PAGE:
Next Generation Cloud Controller: The VMC View

by August 8, 2012

In my last post, I introduced you to some of the new features we are rolling out with the new cloud controller. For reference, I’ve included a block diagram of the new structure to refresh your memory.

In the previous post, the focus was on introducing the objects and briefly discussing how they are used for operational collaboration. In this post, I want to show you how the objects are used for resource accounting, how to navigate around the objects using the Cloud Foundry Command Line Interface (VMC), and then briefly show how features like custom domains use these objects as their foundation.
Resource Accounting
From the diagram above, you can see how the organization (a.k.a., org) object acts as the root object holding a collection of spaces.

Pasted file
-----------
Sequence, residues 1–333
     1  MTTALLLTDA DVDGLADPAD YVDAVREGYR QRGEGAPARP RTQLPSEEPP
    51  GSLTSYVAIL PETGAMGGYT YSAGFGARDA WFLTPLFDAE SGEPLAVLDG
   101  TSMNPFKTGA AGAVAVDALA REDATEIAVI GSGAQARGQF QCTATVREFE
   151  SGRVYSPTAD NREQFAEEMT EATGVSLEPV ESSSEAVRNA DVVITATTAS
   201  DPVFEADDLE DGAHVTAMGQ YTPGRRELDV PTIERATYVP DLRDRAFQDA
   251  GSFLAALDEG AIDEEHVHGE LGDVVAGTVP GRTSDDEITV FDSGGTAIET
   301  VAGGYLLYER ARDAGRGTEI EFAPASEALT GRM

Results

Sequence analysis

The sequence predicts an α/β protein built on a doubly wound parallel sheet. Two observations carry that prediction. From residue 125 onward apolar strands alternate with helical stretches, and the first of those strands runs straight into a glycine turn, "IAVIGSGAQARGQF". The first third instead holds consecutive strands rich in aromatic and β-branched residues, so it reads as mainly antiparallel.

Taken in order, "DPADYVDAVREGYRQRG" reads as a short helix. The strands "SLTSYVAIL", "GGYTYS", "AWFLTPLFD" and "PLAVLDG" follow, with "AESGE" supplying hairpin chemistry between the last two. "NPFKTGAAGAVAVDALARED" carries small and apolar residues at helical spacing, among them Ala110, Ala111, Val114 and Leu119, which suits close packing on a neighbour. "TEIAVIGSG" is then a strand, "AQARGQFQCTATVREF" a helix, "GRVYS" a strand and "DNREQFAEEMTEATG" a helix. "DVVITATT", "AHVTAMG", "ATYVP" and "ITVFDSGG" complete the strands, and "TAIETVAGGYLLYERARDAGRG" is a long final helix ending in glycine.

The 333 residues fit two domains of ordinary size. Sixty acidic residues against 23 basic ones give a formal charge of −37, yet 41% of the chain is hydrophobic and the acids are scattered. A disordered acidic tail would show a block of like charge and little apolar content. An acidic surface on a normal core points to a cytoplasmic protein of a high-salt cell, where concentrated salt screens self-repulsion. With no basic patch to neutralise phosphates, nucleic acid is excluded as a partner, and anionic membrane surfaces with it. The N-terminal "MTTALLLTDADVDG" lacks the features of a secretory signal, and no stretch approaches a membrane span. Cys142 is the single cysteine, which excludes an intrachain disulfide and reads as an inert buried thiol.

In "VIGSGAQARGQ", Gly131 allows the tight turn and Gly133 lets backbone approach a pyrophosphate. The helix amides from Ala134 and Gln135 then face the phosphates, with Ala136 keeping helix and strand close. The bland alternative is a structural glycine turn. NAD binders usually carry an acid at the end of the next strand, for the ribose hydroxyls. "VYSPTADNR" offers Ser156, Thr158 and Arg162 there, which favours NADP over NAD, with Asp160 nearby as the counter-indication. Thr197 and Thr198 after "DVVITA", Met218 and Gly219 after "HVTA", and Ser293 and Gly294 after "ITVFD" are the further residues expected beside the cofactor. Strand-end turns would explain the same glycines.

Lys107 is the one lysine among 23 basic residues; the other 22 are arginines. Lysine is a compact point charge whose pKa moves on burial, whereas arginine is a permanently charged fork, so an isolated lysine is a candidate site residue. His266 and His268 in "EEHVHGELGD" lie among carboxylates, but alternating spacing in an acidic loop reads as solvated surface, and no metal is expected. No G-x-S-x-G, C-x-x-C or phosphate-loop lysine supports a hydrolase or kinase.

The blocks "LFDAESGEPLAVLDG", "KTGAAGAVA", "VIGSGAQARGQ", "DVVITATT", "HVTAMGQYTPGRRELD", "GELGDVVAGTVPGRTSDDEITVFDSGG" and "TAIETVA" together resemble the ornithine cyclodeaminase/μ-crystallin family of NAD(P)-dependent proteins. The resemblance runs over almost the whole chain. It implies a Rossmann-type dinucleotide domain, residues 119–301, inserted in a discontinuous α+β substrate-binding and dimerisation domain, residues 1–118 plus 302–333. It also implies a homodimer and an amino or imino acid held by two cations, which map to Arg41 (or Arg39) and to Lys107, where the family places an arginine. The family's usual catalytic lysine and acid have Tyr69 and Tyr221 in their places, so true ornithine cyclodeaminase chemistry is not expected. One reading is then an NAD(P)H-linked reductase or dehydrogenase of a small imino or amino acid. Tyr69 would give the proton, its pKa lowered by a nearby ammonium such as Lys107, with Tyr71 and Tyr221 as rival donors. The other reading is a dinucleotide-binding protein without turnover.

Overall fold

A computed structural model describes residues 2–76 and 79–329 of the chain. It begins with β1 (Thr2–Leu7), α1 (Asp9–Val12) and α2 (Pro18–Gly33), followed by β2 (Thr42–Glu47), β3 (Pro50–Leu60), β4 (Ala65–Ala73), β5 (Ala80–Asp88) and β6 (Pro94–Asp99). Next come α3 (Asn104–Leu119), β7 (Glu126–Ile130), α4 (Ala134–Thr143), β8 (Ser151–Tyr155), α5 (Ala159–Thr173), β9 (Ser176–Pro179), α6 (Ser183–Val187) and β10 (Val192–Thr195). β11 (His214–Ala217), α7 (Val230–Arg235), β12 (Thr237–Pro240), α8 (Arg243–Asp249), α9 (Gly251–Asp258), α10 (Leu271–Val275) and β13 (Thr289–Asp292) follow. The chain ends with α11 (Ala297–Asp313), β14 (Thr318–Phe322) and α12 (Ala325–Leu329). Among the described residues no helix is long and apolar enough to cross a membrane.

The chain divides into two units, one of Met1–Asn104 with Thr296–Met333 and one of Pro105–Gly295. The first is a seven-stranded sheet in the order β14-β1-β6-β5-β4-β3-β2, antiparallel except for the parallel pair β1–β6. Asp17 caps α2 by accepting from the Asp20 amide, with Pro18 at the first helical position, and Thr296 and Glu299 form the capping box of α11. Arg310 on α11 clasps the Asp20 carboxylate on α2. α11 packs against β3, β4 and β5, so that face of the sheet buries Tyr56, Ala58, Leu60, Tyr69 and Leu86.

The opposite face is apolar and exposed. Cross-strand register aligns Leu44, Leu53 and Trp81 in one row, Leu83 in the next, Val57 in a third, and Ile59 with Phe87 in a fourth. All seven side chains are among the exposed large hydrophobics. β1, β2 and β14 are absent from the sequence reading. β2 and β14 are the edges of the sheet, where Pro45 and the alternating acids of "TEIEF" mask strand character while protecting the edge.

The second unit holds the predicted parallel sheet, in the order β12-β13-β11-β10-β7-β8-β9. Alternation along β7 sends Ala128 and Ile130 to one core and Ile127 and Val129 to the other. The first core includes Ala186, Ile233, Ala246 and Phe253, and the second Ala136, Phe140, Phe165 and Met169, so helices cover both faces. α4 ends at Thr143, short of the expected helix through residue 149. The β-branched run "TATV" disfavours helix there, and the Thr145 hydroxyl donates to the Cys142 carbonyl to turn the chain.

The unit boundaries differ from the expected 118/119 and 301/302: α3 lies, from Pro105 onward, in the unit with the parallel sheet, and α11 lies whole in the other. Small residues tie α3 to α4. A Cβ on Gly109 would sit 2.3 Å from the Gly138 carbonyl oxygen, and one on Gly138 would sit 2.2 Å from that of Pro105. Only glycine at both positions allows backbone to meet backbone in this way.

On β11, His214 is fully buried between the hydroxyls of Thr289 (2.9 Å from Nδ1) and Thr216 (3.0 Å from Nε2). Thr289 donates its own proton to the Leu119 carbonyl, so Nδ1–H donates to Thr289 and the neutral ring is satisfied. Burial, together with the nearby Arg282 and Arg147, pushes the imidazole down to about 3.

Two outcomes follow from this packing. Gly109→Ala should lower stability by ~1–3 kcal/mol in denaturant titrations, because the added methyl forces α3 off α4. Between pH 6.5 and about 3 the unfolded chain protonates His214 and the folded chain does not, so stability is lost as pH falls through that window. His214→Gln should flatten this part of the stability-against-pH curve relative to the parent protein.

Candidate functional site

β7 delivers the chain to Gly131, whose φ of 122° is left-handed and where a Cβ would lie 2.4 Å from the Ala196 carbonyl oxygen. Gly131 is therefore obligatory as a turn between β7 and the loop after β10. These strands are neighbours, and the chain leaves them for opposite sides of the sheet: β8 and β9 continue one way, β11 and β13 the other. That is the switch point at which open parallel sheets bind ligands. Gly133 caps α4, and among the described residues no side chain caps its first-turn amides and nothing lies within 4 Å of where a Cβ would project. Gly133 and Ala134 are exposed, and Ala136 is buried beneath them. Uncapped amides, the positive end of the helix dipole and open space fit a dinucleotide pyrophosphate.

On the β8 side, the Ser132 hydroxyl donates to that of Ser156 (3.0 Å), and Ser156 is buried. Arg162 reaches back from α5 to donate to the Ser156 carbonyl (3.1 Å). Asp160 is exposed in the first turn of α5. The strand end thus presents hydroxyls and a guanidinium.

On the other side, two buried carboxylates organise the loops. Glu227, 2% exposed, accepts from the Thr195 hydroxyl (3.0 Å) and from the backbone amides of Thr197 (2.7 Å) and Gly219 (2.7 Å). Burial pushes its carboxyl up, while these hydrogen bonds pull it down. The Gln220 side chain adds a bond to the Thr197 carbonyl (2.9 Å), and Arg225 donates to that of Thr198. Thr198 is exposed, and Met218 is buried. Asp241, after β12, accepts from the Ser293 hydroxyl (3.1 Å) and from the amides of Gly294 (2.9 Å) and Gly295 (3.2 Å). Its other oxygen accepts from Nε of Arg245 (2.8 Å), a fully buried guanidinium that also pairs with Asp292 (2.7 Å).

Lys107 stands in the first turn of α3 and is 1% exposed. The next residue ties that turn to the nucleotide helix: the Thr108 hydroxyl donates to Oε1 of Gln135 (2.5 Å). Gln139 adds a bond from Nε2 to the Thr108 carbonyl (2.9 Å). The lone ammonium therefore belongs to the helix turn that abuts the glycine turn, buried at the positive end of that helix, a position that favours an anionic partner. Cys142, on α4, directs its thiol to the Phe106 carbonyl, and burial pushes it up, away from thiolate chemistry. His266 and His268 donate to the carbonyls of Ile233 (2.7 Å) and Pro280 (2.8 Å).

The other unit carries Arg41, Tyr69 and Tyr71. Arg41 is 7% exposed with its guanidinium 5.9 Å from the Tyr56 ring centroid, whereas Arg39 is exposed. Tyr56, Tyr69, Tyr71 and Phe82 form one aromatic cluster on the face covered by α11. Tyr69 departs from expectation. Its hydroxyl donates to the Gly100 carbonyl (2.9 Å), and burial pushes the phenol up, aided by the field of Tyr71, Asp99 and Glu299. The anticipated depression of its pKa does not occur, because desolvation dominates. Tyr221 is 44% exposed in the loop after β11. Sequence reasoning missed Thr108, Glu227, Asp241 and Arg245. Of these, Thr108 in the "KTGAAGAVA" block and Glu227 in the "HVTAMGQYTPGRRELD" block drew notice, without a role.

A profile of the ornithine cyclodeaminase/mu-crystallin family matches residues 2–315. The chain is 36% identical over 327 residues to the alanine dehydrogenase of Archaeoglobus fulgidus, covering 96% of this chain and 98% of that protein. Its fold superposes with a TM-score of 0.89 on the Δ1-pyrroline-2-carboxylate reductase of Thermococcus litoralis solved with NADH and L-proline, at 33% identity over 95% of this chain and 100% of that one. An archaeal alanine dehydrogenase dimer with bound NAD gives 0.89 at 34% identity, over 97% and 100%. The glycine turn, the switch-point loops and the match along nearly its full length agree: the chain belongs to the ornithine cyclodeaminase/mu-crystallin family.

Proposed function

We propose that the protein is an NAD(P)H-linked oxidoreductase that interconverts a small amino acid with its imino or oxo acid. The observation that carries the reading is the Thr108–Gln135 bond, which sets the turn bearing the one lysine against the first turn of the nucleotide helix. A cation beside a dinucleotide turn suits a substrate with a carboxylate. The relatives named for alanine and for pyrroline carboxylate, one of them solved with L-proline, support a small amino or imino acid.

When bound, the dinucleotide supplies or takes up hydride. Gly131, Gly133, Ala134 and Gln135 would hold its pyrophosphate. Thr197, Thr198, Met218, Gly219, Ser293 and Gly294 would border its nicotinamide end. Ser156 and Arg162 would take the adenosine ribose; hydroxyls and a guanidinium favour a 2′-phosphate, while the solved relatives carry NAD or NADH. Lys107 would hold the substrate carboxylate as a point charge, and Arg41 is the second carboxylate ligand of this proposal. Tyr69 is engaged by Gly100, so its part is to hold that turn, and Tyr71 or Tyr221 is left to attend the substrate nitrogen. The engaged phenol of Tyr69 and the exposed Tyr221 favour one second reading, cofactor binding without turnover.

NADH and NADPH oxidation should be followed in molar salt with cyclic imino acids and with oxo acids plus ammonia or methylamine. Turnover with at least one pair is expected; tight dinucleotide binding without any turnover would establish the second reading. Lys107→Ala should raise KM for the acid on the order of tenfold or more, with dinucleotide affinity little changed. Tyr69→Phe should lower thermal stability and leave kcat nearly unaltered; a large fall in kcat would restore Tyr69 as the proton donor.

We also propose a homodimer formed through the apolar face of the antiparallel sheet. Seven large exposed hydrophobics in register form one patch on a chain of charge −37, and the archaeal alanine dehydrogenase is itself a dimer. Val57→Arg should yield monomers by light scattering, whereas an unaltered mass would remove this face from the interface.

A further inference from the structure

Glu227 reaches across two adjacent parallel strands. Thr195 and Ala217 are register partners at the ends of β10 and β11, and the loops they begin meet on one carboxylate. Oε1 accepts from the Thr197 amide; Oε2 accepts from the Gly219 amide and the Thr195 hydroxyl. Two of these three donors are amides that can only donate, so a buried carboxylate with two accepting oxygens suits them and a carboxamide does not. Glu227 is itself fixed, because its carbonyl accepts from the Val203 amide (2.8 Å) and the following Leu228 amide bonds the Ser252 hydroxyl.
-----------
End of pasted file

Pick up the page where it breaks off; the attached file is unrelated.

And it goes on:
Next Generation Cloud Controller: The VMC View

by August 8, 2012

In my last post, I introduced you to some of the new features we are rolling out with the new cloud controller. For reference, I’ve included a block diagram of the new structure to refresh your memory.

In the previous post, the focus was on introducing the objects and briefly discussing how they are used for operational collaboration. In this post, I want to show you how the objects are used for resource accounting, how to navigate around the objects using the Cloud Foundry Command Line Interface (VMC), and then briefly show how features like custom domains use these objects as their foundation.
Resource Accounting
From the diagram above, you can see how the organization (a.k.a., org) object acts as the root object holding a collection of spaces.

Heads Up on Some New Cloud Controller Features

by June 20, 2012

As I discussed in my post at the end of April, the Cloud Controller is undergoing major surgery and this work is being done in the cloud_controller_ng repo. If you are following the review stream for the cloud_controller_ng project, its time to take note of the new Organization and AppSpace objects. These objects are the foundation of several new features we are rolling out this year: